Tantrum ends: Port approves Eastside Rail Corridor sale

Used with permission.

Over a month after the Port of Seattle Commissioners voted to throw a childish tantrum and withhold sale of the Eastside Rail Corridor because they were upset about the plans to build a completely unrelated arena in Seattle, the Commissioners have now approved the sale.

This brings the Eastside Rail-Trail project through Kirkland (and beyond) one step closer. The King County Board will vote on the sale next.

Kirkland City Manager Kurt Triplett called the 5.75 miles of right-of-way Kirkland’s “equivalent of the Louisiana Purchase,” as it would provide a fantastic walking and biking (and transit?) route directly through the center of the city. Add a connection to the planned 520 trail to Seattle, and you see why this project is such a big deal.

From the Port of Seattle:

The Port of Seattle Commission voted to approve the sale of portions of the Eastside Rail Corridor to King County, as a multi-year process nears the end.  Commissioners also agreed to grant King County a permanent easement over a portion of the corridor that still has freight service; the easement will allow King County to develop a recreational trail.  The transaction now goes to the King County Council for final approval.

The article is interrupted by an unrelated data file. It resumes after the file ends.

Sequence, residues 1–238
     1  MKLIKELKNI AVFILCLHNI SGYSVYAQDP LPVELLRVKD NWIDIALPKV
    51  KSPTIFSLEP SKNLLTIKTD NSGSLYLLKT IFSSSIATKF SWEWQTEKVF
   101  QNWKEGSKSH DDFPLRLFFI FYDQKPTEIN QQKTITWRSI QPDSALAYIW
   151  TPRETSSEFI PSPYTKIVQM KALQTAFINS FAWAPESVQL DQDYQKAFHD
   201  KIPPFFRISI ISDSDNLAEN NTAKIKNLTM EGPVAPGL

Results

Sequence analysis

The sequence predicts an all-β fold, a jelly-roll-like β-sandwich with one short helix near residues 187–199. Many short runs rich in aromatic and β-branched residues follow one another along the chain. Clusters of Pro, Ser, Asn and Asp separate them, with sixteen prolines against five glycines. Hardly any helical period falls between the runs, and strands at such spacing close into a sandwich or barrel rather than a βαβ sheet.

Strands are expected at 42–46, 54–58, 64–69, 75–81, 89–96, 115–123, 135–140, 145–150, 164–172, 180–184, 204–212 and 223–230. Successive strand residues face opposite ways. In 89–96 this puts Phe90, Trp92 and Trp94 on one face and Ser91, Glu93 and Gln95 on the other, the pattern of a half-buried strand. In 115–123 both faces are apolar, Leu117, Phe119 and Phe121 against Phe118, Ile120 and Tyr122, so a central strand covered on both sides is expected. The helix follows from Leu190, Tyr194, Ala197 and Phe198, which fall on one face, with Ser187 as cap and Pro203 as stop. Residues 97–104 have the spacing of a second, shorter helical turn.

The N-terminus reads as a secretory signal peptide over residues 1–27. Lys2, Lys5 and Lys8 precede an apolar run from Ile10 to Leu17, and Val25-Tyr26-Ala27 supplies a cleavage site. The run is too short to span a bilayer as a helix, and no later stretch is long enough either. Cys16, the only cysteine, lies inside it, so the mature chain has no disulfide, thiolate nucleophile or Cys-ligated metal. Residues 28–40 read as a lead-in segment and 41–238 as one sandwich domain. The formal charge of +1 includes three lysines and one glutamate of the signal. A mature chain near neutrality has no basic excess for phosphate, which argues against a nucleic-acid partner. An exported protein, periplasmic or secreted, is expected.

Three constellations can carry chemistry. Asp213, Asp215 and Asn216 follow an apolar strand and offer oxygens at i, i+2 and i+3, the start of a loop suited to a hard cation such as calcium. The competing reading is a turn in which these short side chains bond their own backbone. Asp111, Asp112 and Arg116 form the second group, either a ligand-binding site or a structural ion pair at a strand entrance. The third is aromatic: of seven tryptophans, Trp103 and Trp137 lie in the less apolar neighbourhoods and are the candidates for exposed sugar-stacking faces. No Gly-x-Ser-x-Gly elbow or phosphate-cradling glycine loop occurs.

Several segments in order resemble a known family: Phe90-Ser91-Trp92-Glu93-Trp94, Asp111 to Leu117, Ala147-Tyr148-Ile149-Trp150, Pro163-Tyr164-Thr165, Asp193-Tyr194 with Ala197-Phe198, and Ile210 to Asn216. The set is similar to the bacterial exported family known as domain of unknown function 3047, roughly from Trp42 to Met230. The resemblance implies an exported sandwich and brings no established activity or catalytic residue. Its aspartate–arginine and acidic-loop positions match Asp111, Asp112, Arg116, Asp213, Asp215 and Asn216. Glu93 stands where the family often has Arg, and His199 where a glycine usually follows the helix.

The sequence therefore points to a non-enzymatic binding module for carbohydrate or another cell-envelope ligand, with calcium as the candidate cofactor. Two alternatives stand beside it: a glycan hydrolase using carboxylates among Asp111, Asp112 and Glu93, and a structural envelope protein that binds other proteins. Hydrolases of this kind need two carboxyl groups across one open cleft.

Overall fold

“Though the specifics have changed several times, we’ve been steadfast in the goal: Preserve the corridor and place it into public ownership,” said Commission President Gael Tarleton.  “Many agencies joined us to make that goal a reality, and we are grateful for all of their partnership.  We look forward to working with our stakeholders around King County to make rails and trails work for all of us.”

In 2003, BNSF Railway announced it intended to divest of the 42-mile corridor.  In 2007, the Port of Seattle signed a memorandum of understanding with BNSF, setting the stage for the port’s 2009 acquisition of the corridor and the beginning of the federal rail-banking process.  King County has been a partner since 2007; Sound Transit, Puget Sound Energy, and the cities of Kirkland and Redmond joined the effort to preserve the corridor in 2009.

“Today’s vote is evidence that persistence does, in fact, pay off,” said Port CEO Tay Yoshitani. “Through a difficult economic downturn we’ve been able to keep the project on the right track – ensuring that the corridor stays intact and available for the region’s future.”

Don’t you love that? “We’ve been able to keep the project on the right track.” I’m not sure who “we” is, because the Board was willing to hold the project hostage just to prove a point. That’s not usually how I go about stewarding important regional projects (but then again, maybe that’s why I’m not a Port of Seattle Commissioner).

I’m glad some people at the Port see the importance of this project, and I’m happy to see it move forward.

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4 Responses to Tantrum ends: Port approves Eastside Rail Corridor sale

  1. Jeff Dubrule says:

    Yay! Now, lose the tracks, pave it, and get it connected to all the side-streets that end just before it, so this can be a real pedestrian/cyclist ninja route :-)

  2. Gary says:

    Yeah! We’ll be able to skip downtown Bellevue when riding up to Kirkland!

  3. Godwin says:

    Hyperbole much? Hostage? Tantrum? If it was in favor of your cause you would call it what it is: leverage or pressure.

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